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Joys and complications in athletic families

Sharon, Sean and Chelsea  Mackinnon
Kevin, Sean and Chelsea Mackinnon

As a parent with kids playing sports, you probably spend a lot of your time at the field, arena, track, or on the course supporting your kids. My parents are no different, spending hours driving my brothers and I to our games, practices and races. My brothers and I were introduced to sports before we could even play them ourselves. My dad is a very talented runner, a former national cross-country champion and now a top masters competitor. This meant that I spent a lot of my childhood on the racecourse cheering my dad on and getting pushed around in the baby joggers. I was born into a family with an active lifestyle was instilled into our family values.

I have a very positive experience with  growing up with competitive athletes as parents. They let me try different sports and helped make sure I was able to stick with the ones I loved to play. As I got older I got more into running and racing, as did my older brother, so we connected with our parents through a shared love of sport. Coach Kevin Mackinnon sees the competitive parent as a great resource for athletic kids. “For the most part, I find that former elite athletes have a healthy perspective when it comes to their kids. They have lived through an athletic career, so aren’t trying to live vicariously through their kids. They also are fully aware of what it takes to be successful – talent is one thing, but there’s a lot of drive and determination that goes into succeeding as an athlete. That can only come from the kids themselves. A parent’s responsibility is to create a supportive environment for an athlete to succeed and to provide the opportunities for their children.”

Mackinnon is an accomplished triathlete (and former pro) turned coach, and has coached  young athletes for almost 25 years. He explains, “My goal as a coach, when I am working with younger kids, is to make sure I get them to the age of 16 with all their options ahead of them.” This is a philosophy that he applies when coaching his own kids. His son Sean has been on the national cycling team for the last few years. He will be representing Canada this summer at the Pan Am Games in the team pursuit, road race and time trial. Sean’s younger brother Ian, is one of one of Ontario’s top junior triathletes but is also on the national youth swim team and is gearing up for the Olympic Trials in swimming next year.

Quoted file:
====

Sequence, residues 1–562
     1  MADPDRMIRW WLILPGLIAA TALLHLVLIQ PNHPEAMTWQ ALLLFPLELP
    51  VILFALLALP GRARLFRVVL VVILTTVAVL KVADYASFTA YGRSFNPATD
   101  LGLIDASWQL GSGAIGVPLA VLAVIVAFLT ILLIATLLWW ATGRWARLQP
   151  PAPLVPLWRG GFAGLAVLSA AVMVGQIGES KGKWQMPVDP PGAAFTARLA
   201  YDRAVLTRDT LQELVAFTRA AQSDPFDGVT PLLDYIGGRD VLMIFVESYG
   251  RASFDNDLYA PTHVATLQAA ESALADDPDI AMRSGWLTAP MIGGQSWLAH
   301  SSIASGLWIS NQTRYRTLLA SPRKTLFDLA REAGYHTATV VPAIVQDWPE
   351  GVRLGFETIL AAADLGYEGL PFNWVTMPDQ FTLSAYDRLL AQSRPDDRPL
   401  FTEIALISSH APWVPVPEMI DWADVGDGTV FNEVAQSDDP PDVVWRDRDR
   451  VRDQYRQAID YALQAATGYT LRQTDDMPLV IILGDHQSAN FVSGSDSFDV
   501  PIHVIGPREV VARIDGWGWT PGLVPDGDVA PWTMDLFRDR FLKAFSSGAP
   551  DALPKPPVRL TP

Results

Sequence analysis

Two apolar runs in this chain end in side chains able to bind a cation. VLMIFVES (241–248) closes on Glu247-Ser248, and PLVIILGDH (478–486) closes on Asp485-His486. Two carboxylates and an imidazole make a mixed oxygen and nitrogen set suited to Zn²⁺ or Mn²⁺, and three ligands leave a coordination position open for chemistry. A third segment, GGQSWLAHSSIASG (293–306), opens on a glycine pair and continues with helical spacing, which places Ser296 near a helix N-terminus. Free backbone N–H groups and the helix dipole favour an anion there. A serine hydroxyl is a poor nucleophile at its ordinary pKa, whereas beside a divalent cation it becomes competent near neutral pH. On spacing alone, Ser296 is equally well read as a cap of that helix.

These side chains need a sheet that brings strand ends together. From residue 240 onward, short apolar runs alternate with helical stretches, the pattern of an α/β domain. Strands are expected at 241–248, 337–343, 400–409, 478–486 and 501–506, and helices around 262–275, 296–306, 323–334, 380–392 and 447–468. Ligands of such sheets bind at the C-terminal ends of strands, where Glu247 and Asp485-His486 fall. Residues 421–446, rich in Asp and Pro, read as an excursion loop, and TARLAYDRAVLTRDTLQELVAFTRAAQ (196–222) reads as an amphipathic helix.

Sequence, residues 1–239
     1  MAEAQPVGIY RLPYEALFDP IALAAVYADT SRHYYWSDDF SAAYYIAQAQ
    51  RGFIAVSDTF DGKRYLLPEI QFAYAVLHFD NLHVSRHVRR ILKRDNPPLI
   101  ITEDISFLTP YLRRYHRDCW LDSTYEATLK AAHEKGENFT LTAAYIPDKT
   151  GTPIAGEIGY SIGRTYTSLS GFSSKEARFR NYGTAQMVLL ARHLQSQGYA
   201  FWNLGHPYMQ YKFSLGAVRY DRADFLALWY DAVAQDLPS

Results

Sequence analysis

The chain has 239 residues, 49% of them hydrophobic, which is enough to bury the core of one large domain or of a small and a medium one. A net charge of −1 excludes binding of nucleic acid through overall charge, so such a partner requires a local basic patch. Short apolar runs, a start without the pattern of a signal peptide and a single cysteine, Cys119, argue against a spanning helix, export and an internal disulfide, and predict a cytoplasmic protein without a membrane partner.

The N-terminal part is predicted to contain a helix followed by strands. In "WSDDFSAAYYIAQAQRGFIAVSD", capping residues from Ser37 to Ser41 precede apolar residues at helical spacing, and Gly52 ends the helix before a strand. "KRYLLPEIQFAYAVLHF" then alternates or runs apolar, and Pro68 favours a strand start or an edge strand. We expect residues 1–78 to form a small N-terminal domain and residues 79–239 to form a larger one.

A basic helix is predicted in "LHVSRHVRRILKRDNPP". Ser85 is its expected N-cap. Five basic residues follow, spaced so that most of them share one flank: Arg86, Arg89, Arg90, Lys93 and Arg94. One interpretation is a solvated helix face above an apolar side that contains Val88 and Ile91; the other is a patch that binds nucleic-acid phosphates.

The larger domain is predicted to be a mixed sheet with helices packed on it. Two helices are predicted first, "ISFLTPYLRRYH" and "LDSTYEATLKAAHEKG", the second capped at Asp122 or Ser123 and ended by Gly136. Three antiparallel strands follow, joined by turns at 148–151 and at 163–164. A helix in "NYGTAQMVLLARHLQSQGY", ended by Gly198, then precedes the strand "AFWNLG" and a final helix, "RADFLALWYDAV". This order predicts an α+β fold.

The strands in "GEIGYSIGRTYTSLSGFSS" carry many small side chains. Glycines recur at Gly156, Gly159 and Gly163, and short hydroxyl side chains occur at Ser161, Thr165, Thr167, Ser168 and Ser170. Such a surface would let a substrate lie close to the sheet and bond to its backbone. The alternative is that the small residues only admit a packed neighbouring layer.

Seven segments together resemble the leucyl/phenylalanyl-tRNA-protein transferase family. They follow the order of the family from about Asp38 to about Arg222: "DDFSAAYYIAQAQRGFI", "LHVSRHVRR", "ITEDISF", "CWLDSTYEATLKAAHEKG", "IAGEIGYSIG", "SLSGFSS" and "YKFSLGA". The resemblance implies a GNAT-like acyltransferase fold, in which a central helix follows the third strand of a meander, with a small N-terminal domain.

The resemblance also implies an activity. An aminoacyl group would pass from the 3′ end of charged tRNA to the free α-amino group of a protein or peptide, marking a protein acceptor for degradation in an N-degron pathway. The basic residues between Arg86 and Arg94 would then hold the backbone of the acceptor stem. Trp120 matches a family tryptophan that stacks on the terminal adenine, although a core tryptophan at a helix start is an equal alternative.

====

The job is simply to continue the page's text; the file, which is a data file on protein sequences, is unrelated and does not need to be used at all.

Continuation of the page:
Without this foresight, however, the competitive parent can end up putting pressure on their kids to excel. It is not uncommon for a young athlete to feel a constant comparison to their parent which could lead to mental and physical burnout. The pressure (even if it is self-imposed) can lead to loss of enjoyment and also put athletes at a higher risk of injury. Furthermore, highly competitive parents can at times be overly critical of their kid’s performance. One of the biggest reasons for burnout in kids is when they do too much to soon. Parents should be realistic in setting training goals kids and be patient with their children’s development.Kids love to win and parents love to watch their kids win, but if you want kids to be in it for the long run, it’s also important to build character. Sometimes losing can teach an athlete a lot more than winning. It is important for kids not to be excessively results-based.

Having highly successful athletes as parents can have its tough moments, but it can also mean an incredibly supportive environment that allows kids to grow and develop as athletes while maintaining their love and passion for the sport. As Mackinnon says, “A parent’s main goal should be to have their kids find something they can be passionate about that allows them to succeed in life.”

Sean Mackinnon tearing up the track.
Sean Mackinnon tearing up the track.